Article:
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Testing the effect of characteristics of leaves on the transpiration rate of * Rubiaceae, Verbenaceae, Oleaceae, and Rutaceae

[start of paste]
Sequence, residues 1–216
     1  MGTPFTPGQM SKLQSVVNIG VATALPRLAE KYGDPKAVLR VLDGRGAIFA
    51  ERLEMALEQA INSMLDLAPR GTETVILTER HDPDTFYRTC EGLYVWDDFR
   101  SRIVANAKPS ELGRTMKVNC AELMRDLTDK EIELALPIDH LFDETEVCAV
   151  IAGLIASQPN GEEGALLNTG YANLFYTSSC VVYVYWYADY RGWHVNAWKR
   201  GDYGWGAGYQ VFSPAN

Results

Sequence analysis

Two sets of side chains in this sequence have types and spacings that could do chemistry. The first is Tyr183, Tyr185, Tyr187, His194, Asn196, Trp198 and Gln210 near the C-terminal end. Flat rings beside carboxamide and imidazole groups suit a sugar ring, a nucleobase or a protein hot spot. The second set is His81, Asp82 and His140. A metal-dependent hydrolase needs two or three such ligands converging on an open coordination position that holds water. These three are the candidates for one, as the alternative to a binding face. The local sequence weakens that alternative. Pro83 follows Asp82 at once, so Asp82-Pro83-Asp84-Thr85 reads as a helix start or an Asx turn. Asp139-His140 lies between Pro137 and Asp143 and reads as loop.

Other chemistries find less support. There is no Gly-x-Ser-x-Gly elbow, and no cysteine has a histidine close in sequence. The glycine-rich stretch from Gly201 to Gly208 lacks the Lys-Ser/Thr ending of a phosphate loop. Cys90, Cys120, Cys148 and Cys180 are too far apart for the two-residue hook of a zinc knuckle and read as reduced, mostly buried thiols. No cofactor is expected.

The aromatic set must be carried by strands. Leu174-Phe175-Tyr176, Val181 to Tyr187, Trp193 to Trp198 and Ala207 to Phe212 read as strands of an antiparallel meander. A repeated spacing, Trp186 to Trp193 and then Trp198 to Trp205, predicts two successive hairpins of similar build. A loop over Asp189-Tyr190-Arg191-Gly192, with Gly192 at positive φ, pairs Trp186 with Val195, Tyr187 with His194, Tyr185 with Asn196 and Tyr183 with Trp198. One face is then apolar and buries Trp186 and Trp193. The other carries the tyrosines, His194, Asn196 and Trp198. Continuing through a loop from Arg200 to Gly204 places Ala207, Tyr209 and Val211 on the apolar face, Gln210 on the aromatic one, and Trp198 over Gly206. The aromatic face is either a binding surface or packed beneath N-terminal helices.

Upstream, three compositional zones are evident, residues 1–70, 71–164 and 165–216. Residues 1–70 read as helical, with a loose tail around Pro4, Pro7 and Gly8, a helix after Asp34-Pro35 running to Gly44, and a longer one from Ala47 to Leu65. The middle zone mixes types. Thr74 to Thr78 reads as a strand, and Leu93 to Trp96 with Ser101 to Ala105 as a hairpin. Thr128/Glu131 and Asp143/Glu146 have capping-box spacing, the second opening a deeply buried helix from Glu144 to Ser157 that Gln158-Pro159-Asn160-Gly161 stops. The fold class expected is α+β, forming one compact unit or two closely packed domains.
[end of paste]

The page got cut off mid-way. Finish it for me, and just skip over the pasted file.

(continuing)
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Practical Number 10: Testing the effect of characteristics of leaves on the transpiration rate of * Rubiaceae, Verbenaceae, Oleaceae, and Rutaceae Introduction There is significant difference between plants and animals. It is generally a plant that produces its own food while an animal has to consume other organisms whether plants or other animals. Plants thus can be classified as autotrophs and primary producers in trophic levels. Plants undergo special process called photosynthesis to produce their own food and nutrients. In other words, light energy is converted into chemical energy useful for plants. They require carbon dioxide from the air and water from the ground. Additionally, the light from the sun and pigments like chlorophyll in green plants are also essential for reaction to take place. Then products for photosynthesis are glucose and oxygen. 6CO2 + 6H2O � C6H12O6 + 6O2 The importance of sunlight is that it is composed of a wide range of visible wavelengths. It is thus white light. White light is the mixture of all colors from short-wavelength red to longer-wavelength violet (Clegg, 2007). The relationship between sunlight and chlorophyll is that the structure of chlorophyll allows it to absorb some colors of the light and reflect the rest. As chlorophyll is green pigment in green plants, it, hit by white light, reflects only green light into human eyes while absorbing the rest of red and blue light (Clegg, 2007). Therefore, green plants look green to humans. Different pigments for different plants work the same. They absorb certain colors of light and reflect specific color. The reflected color of light determines the color of plants. Then what is the role of absorbed light? Some of light energy absorbed by chlorophyll is used to initiate photosynthesis. This is reason for the need of presence of sunlight during photosynthesis, especially the first step of the process. The first stage is called photolysis. ...read more.